Metamorphosis becomes the way Robertson understands the great old theme of mutability how one season changes into another, how people age and then die, how love flourishes and withers, even how food is transformed from its wild state into delicacy. It becomes an all-encompassing vision of the world, certainly tragic, but touched with an unsentimental poignancy for the precious transformations that pass along the way. It informs even a small poem like "To My Daughters, Asleep":
| Surrounded by trees I cannot name |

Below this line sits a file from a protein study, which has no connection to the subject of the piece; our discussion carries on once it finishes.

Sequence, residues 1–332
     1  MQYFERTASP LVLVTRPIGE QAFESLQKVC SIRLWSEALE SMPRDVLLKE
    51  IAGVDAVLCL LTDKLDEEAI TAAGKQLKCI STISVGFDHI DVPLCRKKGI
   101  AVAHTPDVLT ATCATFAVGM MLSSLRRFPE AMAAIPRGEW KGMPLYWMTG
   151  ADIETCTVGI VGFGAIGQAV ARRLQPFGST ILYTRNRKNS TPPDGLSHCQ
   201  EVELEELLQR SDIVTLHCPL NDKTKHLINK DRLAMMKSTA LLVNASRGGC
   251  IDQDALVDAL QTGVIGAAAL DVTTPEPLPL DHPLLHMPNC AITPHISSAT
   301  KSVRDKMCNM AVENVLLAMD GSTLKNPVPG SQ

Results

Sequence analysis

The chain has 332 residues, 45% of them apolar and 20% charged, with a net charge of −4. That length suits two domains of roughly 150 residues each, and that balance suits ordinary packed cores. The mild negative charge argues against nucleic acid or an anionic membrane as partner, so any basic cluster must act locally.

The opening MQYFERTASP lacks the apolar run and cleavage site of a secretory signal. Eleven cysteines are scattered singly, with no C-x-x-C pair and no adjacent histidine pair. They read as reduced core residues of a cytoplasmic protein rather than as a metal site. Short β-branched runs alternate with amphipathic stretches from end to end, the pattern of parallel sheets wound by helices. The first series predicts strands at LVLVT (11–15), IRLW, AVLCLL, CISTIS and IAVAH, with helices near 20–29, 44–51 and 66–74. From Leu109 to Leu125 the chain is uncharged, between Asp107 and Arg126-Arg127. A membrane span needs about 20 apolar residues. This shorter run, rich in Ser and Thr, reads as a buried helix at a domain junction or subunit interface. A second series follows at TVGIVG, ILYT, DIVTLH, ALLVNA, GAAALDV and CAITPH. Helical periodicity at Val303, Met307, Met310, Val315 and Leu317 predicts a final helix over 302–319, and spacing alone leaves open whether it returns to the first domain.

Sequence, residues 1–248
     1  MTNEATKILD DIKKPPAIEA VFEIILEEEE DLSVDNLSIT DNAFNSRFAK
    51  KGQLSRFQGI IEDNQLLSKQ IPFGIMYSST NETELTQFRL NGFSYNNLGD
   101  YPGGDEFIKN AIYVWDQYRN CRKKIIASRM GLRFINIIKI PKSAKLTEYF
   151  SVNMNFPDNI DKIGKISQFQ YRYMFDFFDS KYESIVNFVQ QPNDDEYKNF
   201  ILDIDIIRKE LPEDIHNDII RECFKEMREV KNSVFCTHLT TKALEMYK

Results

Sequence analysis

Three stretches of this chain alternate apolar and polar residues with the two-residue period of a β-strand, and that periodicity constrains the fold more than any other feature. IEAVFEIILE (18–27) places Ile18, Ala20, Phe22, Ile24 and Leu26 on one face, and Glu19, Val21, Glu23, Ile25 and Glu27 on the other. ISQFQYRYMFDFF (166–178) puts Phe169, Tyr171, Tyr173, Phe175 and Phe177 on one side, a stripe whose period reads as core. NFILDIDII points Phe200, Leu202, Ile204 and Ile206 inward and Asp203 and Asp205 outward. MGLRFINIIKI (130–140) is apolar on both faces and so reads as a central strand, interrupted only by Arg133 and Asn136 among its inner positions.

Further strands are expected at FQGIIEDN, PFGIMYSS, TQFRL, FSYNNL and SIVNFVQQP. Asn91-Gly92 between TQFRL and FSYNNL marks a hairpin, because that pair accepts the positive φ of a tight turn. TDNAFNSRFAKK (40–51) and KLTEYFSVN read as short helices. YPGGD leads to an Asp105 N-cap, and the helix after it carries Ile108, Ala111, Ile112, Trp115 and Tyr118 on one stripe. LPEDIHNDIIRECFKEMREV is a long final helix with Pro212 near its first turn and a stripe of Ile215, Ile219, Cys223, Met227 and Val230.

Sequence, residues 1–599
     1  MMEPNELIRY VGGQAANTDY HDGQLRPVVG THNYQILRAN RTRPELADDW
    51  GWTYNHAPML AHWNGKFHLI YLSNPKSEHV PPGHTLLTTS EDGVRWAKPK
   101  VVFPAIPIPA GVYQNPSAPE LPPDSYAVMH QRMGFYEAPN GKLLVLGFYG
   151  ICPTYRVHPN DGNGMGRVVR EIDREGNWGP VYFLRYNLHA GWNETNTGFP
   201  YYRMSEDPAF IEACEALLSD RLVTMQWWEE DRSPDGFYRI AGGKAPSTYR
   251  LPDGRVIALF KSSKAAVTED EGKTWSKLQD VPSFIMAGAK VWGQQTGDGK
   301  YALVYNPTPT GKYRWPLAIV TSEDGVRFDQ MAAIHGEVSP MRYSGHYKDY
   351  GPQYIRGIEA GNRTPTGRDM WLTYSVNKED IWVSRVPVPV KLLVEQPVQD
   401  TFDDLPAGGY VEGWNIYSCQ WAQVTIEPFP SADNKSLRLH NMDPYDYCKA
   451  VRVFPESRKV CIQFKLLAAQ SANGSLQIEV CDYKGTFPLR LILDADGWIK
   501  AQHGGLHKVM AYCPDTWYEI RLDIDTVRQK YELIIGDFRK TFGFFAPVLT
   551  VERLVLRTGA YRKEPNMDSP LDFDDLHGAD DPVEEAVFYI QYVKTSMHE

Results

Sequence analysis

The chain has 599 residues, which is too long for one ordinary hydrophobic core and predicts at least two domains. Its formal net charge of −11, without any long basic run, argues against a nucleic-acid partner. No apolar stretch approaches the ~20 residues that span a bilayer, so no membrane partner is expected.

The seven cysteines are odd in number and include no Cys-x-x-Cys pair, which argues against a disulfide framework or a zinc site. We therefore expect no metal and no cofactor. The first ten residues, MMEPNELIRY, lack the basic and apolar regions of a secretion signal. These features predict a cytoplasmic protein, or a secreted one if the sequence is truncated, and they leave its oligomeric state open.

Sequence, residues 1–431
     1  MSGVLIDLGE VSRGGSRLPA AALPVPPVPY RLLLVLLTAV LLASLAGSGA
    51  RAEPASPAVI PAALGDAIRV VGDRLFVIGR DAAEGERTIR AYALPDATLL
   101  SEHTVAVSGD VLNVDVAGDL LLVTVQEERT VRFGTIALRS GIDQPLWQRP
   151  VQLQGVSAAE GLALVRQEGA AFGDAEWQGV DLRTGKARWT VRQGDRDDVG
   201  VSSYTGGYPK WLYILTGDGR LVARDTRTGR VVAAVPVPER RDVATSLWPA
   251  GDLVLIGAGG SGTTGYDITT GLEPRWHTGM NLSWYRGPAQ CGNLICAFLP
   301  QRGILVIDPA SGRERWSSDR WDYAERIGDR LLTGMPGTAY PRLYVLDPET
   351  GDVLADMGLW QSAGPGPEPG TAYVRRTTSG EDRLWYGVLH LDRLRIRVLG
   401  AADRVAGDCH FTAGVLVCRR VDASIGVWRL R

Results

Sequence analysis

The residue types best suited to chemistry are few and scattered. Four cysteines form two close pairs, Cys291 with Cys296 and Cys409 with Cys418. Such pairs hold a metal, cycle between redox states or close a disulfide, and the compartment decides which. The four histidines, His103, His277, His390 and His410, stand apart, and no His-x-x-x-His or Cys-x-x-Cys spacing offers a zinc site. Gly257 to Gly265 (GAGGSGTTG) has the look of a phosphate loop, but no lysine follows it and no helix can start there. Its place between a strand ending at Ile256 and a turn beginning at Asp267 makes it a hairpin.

that fill with birds I cannot tell apart
I see my children growing away from me;
the hinges of the heart are broken.
Is it too late to start, too late to learn
all the words of love before they wake?
Robin Robertson reads from Swithering and his other collections at Rackham Amphitheater on Thursday, April 13.
[Review published April 2006]
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